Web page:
Viewpoint: All Chinese ... including classroom culture
Olivia Alberts will be a senior at Rosemount High School this fall. She is writing periodic columns during her six weeks in Xi’an, China.
好久不见! Or, if you'd want to translate this Chinese phrase word for word, as Americans did in the late 1800s, long time no see!
My first week in China has been absolutely incredible, I still haven't even begun to fathom the incredible history behind Xi'an. Every day there's a new sight to see; a different emperor's quarters to tour, a different historical tower to visit. Just last Friday we took a trip to Cheng Qiang, the Xi'an City Wall. Beforehand, we learned in our culture class that it was built more than 700 years ago in the Ming Dynasty. It's characteristic rigid design gave Xi'an soldiers of the time space to shoot arrows out from between the protection of the peaks on top of the wall, and its smaller holes directly beneath made it easy for soldiers of Xi'an to control who was allowed to put a ladder up the wall, and whose ladder was pushed down.
Over the last week, I've grown incredibly in my knowledge of not only the rich Chinese culture and history, but also the language itself. I'll never forget my very first morning waking up in my host family's house; my host sister woke me up in Chinese, we talked at the breakfast table in Chinese, everything was in Chinese, and although I had known logically that that's just what they do in China, it hadn't truly hit me what a truly unique experience this was until then.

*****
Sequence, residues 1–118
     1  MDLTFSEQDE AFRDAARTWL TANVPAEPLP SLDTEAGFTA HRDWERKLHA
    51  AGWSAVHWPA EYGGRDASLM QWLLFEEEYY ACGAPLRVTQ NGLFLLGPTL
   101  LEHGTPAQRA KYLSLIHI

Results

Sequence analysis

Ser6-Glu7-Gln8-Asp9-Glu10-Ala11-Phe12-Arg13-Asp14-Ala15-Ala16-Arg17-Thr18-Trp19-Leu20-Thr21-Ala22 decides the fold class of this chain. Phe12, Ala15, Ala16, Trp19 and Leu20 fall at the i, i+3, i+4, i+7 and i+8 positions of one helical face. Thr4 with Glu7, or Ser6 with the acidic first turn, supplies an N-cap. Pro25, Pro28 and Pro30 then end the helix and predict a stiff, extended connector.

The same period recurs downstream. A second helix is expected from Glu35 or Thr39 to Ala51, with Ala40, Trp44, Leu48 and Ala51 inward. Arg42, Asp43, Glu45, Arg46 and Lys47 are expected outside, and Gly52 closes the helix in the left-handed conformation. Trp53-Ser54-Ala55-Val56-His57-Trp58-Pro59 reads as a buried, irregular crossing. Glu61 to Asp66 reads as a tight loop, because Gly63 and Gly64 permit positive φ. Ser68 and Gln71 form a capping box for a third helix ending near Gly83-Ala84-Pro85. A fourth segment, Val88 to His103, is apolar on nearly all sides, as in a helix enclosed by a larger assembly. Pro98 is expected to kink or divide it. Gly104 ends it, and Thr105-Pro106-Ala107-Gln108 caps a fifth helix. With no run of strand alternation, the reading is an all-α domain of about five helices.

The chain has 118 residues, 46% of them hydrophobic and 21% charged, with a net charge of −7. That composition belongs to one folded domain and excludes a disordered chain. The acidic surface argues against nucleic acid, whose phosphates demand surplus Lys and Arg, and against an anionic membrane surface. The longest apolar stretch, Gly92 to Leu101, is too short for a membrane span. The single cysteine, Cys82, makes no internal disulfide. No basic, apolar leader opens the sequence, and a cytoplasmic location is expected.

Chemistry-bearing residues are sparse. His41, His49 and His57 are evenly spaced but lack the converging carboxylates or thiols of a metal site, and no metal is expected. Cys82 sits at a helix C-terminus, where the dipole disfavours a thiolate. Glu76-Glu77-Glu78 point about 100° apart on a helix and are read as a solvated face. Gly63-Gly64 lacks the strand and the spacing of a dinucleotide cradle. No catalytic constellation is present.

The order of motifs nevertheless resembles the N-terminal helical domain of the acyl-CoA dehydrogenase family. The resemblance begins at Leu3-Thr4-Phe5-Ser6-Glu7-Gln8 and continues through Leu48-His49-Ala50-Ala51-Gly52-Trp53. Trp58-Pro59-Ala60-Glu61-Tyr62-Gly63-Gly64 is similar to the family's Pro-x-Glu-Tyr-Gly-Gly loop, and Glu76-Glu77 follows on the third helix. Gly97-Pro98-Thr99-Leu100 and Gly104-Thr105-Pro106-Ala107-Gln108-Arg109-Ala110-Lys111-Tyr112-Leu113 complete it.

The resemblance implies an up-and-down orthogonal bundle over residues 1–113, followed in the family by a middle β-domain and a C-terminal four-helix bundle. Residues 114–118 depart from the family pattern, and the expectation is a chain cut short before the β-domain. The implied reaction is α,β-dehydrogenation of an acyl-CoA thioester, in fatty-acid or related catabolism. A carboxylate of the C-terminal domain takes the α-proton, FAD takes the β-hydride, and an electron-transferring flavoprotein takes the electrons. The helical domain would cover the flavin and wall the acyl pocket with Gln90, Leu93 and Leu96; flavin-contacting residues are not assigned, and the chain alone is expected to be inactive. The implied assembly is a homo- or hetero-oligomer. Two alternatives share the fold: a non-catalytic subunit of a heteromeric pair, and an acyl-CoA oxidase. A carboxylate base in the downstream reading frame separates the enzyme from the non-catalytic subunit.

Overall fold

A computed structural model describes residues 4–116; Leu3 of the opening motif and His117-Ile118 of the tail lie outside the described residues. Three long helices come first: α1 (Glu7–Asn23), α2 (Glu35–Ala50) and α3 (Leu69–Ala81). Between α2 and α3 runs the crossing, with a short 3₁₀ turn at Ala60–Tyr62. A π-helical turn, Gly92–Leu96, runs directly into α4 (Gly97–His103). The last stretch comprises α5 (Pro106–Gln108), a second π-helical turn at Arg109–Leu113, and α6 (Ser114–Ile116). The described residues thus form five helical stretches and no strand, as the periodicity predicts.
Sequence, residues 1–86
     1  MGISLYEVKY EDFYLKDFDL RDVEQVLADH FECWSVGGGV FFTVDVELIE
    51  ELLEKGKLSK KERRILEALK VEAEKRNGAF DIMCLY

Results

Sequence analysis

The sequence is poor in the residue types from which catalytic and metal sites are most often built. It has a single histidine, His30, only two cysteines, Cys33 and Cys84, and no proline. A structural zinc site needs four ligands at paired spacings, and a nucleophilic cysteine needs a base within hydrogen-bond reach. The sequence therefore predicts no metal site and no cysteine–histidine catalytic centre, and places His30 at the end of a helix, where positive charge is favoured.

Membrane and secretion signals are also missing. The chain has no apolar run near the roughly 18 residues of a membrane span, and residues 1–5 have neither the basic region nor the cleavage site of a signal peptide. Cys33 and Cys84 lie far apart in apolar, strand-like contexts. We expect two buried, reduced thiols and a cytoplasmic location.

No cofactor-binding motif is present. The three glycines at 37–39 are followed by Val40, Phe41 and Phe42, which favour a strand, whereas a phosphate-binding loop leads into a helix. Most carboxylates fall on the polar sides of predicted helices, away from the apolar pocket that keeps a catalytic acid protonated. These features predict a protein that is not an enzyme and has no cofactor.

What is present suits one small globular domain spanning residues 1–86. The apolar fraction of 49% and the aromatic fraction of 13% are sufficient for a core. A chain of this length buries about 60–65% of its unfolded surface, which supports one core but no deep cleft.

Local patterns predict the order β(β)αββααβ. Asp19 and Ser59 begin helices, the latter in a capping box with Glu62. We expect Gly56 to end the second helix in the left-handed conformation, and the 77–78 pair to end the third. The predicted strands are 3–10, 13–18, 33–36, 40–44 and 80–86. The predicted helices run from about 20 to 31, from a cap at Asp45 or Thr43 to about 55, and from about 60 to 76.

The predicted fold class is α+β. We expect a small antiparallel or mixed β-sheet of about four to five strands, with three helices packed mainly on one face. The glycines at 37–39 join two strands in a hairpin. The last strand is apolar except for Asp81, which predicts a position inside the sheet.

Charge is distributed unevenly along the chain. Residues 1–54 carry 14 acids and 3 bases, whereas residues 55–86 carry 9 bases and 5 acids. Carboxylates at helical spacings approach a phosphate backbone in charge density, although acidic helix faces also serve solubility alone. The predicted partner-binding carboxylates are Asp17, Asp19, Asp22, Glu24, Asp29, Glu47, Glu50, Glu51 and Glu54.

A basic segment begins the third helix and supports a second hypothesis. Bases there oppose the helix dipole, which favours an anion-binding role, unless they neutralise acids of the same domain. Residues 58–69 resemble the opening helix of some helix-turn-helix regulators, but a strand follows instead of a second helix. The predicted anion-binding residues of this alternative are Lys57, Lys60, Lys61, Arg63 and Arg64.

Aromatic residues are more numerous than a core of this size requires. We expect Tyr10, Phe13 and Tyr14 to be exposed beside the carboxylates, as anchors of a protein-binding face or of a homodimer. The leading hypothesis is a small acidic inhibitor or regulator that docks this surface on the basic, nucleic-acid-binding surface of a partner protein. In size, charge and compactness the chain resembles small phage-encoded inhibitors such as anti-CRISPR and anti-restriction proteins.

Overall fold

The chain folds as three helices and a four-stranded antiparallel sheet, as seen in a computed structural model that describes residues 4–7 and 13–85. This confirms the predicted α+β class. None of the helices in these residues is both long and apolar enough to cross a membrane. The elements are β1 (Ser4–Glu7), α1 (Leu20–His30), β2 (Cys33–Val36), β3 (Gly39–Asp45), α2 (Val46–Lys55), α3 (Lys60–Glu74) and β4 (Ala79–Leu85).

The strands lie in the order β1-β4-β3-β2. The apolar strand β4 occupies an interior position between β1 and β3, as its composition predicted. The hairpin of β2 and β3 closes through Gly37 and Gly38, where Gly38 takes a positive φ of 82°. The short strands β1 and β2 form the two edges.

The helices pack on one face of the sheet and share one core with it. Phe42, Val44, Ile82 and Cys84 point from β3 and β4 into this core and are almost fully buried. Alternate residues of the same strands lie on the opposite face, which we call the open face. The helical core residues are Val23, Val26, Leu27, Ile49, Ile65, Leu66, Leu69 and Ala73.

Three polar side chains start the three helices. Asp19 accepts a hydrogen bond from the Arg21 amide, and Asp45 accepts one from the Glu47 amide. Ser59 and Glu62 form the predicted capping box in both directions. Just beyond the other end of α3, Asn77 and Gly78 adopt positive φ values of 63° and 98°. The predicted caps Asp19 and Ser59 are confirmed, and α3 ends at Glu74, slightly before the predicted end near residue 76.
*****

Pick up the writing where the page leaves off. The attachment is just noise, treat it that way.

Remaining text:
Unique it is, but it is also very rigorous. Every day, from 8 in the morning until noon, we have language classes. Here, we learn vocabulary, grammar and literature comprehension, as well as overarching topics such as tonal fluctuation and speaking. My favorite of these is grammar, because it's a topic that relies not only on memorization but you can incorporate it with ease into any conversation you have with your host family later that night. The most difficult class for me is literature, where we dissect a story in Chinese. I find that it's difficulty mainly lies in the fact that the stories we read introduce loads of new vocabulary a day, so it's incredibly fast paced. Every day, we are introduced to around 25 words. It can quickly get overwhelming, so keeping a well organized journal is a must.
Regardless, I absolutely love class so far.
Classroom culture is rather different than what I've experienced in the U.S. For example, their schedule is very different from ours. In the morning, we have class, then we eat lunch from noon until 1 p.m., and then we have culture class from one until 2. Afterwards is self-study time, a block of up to three and a half hours where you can finish your homework, ask questions or study. This time is be a great opportunity to finish your homework and practice any new vocabulary.
We also have weekly character writing tests where we're expected to memorize the prior week's characters and write them on command. The learning style, though quite different from my experience in the U.S., has been eye-opening.
My first week in Xi'an has been absolutely incredible, and I can't wait to further explore the rich culture and history of the city for the next five weeks!